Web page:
Sun sense – the natural, non-toxic way

It’s holiday season! Time for some fun in the sun outdoors, and a good dose of healthy Vitamin D. Despite the health-giving properties of Vitamin D (it’s known to assist our bodies with absorbing calcium) we all know that overexposure to the sun can be damaging, and the risk of life-threatening illness caused by sun damage is a very real one.

Although sunscreen is an undeniably important tool in our fight against sun damage and skin cancer, more recently, researchers have raised concerns around the use of chemical sunscreens.

At best, experts are saying that sunscreen formulations may need to be reassessed to contain safer ingredients, and at worst, some sunscreens could already be damaging our health.

The good, the bad and the nasties

There are so many sunscreens on supermarket and pharmacy shelves, how do we know what ingredients we should be looking for and which we should be avoiding?


  • Oxybenzone
  • Octinoxate
  • Homosalate
  • Octisalate
  • Octocrylene

The toxic trio oxybenzone, octinoxate, and homosalate are known oestrogen mimickers and endocrine disruptors. Often used in sunscreens, these are then absorbed into the skin and body, with potential to interfere with the body’s endocrine system and carry potential adverse developmental, reproductive, neurological, and immune effects, both in humans and wildlife.


  • Zinc oxide
  • Titanium dioxide

Environmental interference

The human based consequences of absorbing these potentially malicious ingredients are of enough concern, but the environmental significance is equally important. Chemicals from sunscreens are washed into rivers, lakes and oceans and leach into the soil – land-based animals as well as aquatic wildlife are at risk of similar side effects that humans face when confronted with these endocrine disruptors. A further effect is the demise of coral reefs – scientists have linked chemical-based sunscreens to the bleaching and death of these threatened environments.

Food for good

Eating natural anti-inflammatory organic whole foods is also important for sun protection, as these provide key phytonutrients and phytochemicals that protect you from free radical damage – one of the causes of skin damage from sun exposure and stress.

These little spheres of wellness are crammed full of antioxidants that fight free radicals

Nuts & seeds
The likes of walnuts, hemp seeds, chia seeds and flax all contain omega-3 essential fatty acids, essential building blocks to skin health. Omega’s are also excellent for inflammation – especially after spending too much time in the sun. Eggs and fish are other excellent sources of omega 3’s.

Carrots & leafy greens
Heavily laden with beta carotene which converts to vitamin A, a key ingredient in maintaining skin health. Kale and spinach particularly contain the antioxidants lutein and zeaxanthin which protect against wrinkling, sun damage, and even skin cancer.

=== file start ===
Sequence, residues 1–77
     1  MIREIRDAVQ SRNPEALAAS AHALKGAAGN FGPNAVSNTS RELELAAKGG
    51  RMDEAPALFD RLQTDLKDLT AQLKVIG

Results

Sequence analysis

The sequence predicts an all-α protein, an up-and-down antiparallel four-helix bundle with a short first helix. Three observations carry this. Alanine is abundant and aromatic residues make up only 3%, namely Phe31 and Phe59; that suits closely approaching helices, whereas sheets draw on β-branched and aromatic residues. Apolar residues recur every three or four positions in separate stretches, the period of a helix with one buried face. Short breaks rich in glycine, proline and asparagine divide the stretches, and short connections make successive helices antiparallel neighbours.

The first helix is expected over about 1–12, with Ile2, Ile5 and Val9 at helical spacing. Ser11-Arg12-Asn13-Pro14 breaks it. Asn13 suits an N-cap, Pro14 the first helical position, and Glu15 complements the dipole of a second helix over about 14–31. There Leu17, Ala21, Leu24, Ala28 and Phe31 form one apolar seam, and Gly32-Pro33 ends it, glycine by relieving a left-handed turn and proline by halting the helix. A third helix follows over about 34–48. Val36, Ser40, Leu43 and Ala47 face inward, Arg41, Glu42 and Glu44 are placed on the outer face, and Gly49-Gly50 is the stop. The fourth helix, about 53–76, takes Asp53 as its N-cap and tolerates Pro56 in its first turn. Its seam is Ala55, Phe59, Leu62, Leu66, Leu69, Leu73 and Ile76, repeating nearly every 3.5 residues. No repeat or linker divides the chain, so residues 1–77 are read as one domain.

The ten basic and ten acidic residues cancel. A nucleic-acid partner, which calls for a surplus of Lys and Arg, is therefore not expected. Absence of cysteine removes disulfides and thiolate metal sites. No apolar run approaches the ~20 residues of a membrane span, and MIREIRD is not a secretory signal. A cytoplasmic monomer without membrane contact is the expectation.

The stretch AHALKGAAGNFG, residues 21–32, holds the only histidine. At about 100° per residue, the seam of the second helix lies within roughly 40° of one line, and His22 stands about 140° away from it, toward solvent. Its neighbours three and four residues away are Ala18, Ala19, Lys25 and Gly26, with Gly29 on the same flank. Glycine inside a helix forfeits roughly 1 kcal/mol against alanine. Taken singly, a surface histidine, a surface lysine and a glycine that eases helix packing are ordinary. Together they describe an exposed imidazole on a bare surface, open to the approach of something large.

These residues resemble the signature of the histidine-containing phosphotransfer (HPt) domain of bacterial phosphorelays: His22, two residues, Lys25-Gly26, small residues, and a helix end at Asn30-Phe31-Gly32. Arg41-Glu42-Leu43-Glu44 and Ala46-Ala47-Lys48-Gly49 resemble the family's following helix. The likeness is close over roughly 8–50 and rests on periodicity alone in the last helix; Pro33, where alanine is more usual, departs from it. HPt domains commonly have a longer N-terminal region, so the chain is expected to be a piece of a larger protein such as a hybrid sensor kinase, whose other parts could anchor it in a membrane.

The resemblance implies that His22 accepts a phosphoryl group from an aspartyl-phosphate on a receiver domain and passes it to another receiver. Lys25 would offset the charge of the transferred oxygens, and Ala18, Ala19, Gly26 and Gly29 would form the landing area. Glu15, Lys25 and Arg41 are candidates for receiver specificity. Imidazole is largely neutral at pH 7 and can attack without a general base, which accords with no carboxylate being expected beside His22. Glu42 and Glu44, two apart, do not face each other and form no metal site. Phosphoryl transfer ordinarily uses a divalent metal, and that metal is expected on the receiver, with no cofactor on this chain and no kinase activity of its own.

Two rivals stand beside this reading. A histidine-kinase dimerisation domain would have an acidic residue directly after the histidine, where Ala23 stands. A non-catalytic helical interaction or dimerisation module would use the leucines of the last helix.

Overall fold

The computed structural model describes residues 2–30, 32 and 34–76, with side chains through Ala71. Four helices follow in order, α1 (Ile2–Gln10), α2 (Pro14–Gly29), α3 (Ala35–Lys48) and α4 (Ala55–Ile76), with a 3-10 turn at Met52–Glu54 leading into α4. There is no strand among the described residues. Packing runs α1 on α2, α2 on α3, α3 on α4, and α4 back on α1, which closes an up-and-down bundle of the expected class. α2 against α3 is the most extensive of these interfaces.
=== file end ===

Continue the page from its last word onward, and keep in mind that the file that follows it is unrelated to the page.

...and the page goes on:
Green tea
This ancient elixir protects against the decrease of collagen, which gives skin its firmness. Green tea also helps reduce damage caused by UVA light.

Including cauliflower in your diet is a powerful way to ingest the antioxidants that help fight off the free radicals that cause stress on the body.

Break it down – what is endocrine disruption?

The endocrine system regulates the use of hormones in our bodies, growth and development of organs, mood, metabolism and reproductive functions. When endocrine disruptors in the form of chemicals are introduced to our bodies, the endocrine system is disrupted and the results can be cancerous tumours, birth defects and developmental disorders. Hormone disruptors can interfere with any of the intricate systems in the body of both humans and wildlife.

Substances contaning endocrine disruptors range from pharmaceuticals to dioxin and dioxin-like compounds, polychlorinated biphenyls, DDT andother pesticides, and plasticisers such as bisphenol A. Endocrine disruptors can be found in everyday items such as a plastic bottles, metal food cans, detergents, flame retardants, food, toys, cosmetics, and pesticides. Studies show that they may result in human health effects including lowered fertility, some pre-natal and early post-natal development issues, endometriosis and some cancers.

My favourite sunscreens

There are some excellent natural skin protection products on the market that are free of harmful chemicals and endocrine disruptors. These are two of the products I use for myself and my family on a daily basis and especially when we are outdoors. Remember to reapply sunscreen often, especially after swimming or exercise, when it comes to sunscreen – less certainly isn’t more!


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